• Harassment: a series of alarming or annoying behaviors.
  • Hazing: endangering another person during sorority or fraternity initiation processes.

There are other offenses that nestle into these crimes, like cyber harassment, threats, and electronically distributing or requesting lewd or indecent materials. Given the nature and potential severity of these crimes, colleges and universities will support any law enforcement assistance that will protect their campus community.

Monmouth County Sex Crimes

Sex crimes include criminal offenses like rape or sexual assault, aggravated sexual assault, criminal sexual contact, and indecent exposure. The punishment for any of these crimes will include fines, prison time, and even registration on the sex registry.

When sex crimes occur on campuses, they can cause a Title IX investigation. Title IX is a federal regulation that requires schools that receive federal funding to follow certain steps to resolve sexual misconduct on campus. Because schools could lose their federal funding if they fail to abide by the strict Title IX requirements, they will support any law enforcement investigation into the same matter.

Monmouth County Stalking Crimes

While people usually envision stalking as just following a victim around or leaving anonymous notes on their doorstep, New Jersey defines it as intentionally acting in a certain way towards a specific person that would put a reasonable person in fear for their safety or the safety of someone else, or that would cause a person to experience significant emotional distress.

Monmouth County False Identification Offenses

False identification crimes are another series of crimes that are quite common on college and university campuses in New Jersey. These types of crimes include:

  • Impersonating someone,
  • Making false statements about your identity, and
  • Identity theft.

Monmouth County Criminal Procedures

Most counties in New Jersey follow a similar procedural process for criminal offenses. Once a student is suspected of committing a crime, law enforcement will investigate and, if they find probable cause, notify the state prosecutor of the case.

Once the prosecutor charges the student with a criminal offense, the process will basically follow the steps listed below:

  1. Pretrial procedures. Procedures that occur before the actual trial include arraignments and bail hearings. These proceedings give both sides the opportunity to build their arguments.
  2. Burden of proof. To make their case, the prosecution must prove beyond a reasonable doubt that the defendant committed the crime they have been charged with.
  3. Motion to dismiss. Prior to the trial, the defense may believe that the prosecution does not have enough evidence to make their case. To prevent the student from suffering through any more stress or negative consequences, the defense attorney can file a motion for the court to dismiss the case.
  4. Trial. During the trial, both sides will have a chance to argue their cases, which includes presenting evidence and witness testimony, as well as cross-examining the other side.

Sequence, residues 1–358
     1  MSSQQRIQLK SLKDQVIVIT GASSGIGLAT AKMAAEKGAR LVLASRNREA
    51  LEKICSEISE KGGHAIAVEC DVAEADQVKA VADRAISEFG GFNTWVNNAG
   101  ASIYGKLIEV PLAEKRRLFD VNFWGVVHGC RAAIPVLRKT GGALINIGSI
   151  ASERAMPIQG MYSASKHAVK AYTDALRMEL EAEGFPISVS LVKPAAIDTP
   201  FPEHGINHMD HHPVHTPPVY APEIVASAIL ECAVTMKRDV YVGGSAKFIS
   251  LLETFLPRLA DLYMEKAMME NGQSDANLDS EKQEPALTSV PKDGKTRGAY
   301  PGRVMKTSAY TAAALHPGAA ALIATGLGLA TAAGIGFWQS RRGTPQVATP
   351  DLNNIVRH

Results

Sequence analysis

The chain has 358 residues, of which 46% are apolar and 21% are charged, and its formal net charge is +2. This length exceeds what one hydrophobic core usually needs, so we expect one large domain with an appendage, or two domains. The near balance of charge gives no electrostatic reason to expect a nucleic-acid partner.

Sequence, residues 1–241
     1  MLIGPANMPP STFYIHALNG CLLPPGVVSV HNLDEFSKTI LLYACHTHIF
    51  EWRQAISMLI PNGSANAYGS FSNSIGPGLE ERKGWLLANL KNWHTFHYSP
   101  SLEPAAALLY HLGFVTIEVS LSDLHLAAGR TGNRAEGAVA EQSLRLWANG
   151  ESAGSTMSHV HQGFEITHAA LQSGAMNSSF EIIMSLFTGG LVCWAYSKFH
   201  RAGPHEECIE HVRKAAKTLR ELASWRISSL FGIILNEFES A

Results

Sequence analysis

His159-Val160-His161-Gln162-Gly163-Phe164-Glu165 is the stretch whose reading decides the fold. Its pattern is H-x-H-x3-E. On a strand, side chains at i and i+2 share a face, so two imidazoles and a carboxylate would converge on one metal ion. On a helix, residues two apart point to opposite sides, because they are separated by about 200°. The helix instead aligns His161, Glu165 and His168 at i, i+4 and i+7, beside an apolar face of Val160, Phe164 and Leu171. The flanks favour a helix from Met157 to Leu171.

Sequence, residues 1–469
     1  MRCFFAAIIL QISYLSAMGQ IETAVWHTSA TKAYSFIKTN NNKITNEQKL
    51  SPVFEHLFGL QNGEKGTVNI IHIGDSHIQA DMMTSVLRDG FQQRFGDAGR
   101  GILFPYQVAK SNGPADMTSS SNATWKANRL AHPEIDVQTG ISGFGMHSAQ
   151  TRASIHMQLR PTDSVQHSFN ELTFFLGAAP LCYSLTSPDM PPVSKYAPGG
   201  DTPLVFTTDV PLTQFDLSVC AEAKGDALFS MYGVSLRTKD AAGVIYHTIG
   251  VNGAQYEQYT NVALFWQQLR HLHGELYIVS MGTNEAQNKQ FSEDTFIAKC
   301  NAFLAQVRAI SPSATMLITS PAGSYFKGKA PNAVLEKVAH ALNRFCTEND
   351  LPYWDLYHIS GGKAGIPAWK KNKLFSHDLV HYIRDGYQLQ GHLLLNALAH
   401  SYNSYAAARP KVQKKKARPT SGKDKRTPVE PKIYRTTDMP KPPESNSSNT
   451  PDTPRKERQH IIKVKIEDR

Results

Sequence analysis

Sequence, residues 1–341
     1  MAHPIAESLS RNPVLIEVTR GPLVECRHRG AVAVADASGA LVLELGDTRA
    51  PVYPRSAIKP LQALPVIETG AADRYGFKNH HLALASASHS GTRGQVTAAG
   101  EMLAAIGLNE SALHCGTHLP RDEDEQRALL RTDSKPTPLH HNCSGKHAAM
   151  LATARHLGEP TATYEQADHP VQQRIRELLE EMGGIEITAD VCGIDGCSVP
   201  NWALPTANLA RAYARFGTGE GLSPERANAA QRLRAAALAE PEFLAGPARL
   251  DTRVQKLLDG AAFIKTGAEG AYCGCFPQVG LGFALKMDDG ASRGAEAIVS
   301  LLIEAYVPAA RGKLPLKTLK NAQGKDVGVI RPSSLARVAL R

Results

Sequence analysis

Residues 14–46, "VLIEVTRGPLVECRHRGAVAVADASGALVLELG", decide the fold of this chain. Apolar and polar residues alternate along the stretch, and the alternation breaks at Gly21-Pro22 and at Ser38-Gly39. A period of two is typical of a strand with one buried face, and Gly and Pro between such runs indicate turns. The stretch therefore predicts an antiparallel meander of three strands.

5. Court's decision. Once both sides have made their case, the court (the judge or a jury) will decide, based on the evidence presented, whether the student is guilty of the accused crime.
  6. Sentencing. In instances where the court finds the student guilty, they will hold another hearing to notify the student of their punishment.

While it does not seem fair, criminal convictions can often push your school to bring their own misconduct charges against you. However, you should not be forced to endure disciplinary action from the school just because the school feels pressure from the state, especially if the school is only bringing the accusations after seeing you were convicted by the state. The only way to ensure this does not happen is to work with an experienced criminal defense attorney.

Monmouth County School Disciplinary Procedures

School disciplinary procedures will follow different steps than a criminal proceeding will, and the specific steps will change from school to school. However, they will follow a similar process as the one listed below:

  1. Complaint. Either a complainant or law enforcement will notify the school's administration of the suspected misconduct.
  2. Interview and investigation. That administration office will appoint an investigator to meet with the complainant or law enforcement and the accused student. The investigator will decide if the accused misconduct falls within the scope of the school's code of conduct and if disciplinary action should be pursued.
  3. Pre-hearing conference. The investigator sends their report to the school's administration, who will set up pre-hearing conferences with the accused student and complainant. The purpose of these pre-hearing conferences is to see if the accused student will agree with the allegations and thus agree to the penalties the school wants to impose. If they do not agree with either one, the matter will be sent for a formal hearing.
  4. Hearing. Both parties will meet with a hearing officer to present their arguments, relevant evidence, and witness testimony. They will get the chance to cross-examine the other side's evidence and testimonies.
  5. Decisions. The hearing officer will review everything presented and conclude whether the student is responsible for the accused misconduct. And if so, which sanctions should be imposed on them?
  6. Appeal. If the student disagrees with the hearing panel's decision, they can appeal it.

Premier Monmouth County, NJ School and Criminal Defense Attorney

Though criminal proceedings typically take priority over school disciplinary proceedings, schools are supposed to protect the interests of their entire campus community, including the accused student. As such, accused students are allowed to work with an attorney, who will ensure the school follows its policies and does not infringe on the student's due process rights.

The Lento Law Firm Criminal Defense Team is keenly aware of the effects criminal charges and school disciplinary actions can have on a student's future. They will work tirelessly to leverage their experience to fight for your freedom. Call 888-535-3686 today or schedule a consultation online. Lento Law Firm can help.

​​​Contact The Lento Law Firm Today

When it comes to criminal defense cases, you need the right person in your corner. To learn more about how Mr. Lento can help you, call the Lento Law Firm today at 888-535-3686. or contact him online.